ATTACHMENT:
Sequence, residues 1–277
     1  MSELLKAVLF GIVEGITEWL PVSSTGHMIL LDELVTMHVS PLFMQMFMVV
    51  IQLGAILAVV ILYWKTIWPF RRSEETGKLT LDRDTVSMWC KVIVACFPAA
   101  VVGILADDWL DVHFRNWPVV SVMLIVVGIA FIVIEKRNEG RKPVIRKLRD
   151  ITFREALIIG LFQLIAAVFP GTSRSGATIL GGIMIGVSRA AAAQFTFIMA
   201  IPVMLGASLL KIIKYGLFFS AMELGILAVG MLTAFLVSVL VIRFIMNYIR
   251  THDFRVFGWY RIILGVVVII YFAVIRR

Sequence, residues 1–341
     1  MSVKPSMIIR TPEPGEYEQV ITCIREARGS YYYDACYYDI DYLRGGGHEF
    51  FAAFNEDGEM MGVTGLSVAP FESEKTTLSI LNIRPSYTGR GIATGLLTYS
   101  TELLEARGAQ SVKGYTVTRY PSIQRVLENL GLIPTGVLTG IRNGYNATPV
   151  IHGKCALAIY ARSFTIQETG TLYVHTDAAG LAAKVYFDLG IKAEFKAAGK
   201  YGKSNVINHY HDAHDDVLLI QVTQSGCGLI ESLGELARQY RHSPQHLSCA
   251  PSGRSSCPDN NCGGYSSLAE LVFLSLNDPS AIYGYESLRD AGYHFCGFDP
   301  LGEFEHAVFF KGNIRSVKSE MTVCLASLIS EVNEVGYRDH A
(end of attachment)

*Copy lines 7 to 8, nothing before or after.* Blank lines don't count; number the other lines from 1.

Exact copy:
   251  THDFRVFGWY RIILGVVVII YFAVIRR

Sequence, residues 1–341